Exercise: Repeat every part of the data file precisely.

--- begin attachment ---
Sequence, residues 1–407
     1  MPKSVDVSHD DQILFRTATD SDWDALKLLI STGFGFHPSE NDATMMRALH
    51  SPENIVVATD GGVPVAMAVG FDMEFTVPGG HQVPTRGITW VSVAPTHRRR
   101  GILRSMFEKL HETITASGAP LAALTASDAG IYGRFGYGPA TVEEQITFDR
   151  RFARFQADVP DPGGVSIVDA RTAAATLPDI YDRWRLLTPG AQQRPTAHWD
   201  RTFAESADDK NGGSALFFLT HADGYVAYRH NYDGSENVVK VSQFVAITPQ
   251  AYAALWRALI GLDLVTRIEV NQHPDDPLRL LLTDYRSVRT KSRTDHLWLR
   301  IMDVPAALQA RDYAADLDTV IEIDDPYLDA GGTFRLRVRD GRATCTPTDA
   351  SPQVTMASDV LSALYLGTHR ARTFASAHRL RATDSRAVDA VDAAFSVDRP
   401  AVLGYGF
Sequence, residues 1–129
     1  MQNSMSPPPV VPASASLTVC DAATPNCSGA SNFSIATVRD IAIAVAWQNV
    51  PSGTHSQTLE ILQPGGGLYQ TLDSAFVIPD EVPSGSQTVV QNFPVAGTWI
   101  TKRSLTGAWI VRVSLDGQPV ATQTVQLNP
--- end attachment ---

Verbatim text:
Sequence, residues 1–407
     1  MPKSVDVSHD DQILFRTATD SDWDALKLLI STGFGFHPSE NDATMMRALH
    51  SPENIVVATD GGVPVAMAVG FDMEFTVPGG HQVPTRGITW VSVAPTHRRR
   101  GILRSMFEKL HETITASGAP LAALTASDAG IYGRFGYGPA TVEEQITFDR
   151  RFARFQADVP DPGGVSIVDA RTAAATLPDI YDRWRLLTPG AQQRPTAHWD
   201  RTFAESADDK NGGSALFFLT HADGYVAYRH NYDGSENVVK VSQFVAITPQ
   251  AYAALWRALI GLDLVTRIEV NQHPDDPLRL LLTDYRSVRT KSRTDHLWLR
   301  IMDVPAALQA RDYAADLDTV IEIDDPYLDA GGTFRLRVRD GRATCTPTDA
   351  SPQVTMASDV LSALYLGTHR ARTFASAHRL RATDSRAVDA VDAAFSVDRP
   401  AVLGYGF
Sequence, residues 1–129
     1  MQNSMSPPPV VPASASLTVC DAATPNCSGA SNFSIATVRD IAIAVAWQNV
    51  PSGTHSQTLE ILQPGGGLYQ TLDSAFVIPD EVPSGSQTVV QNFPVAGTWI
   101  TKRSLTGAWI VRVSLDGQPV ATQTVQLNP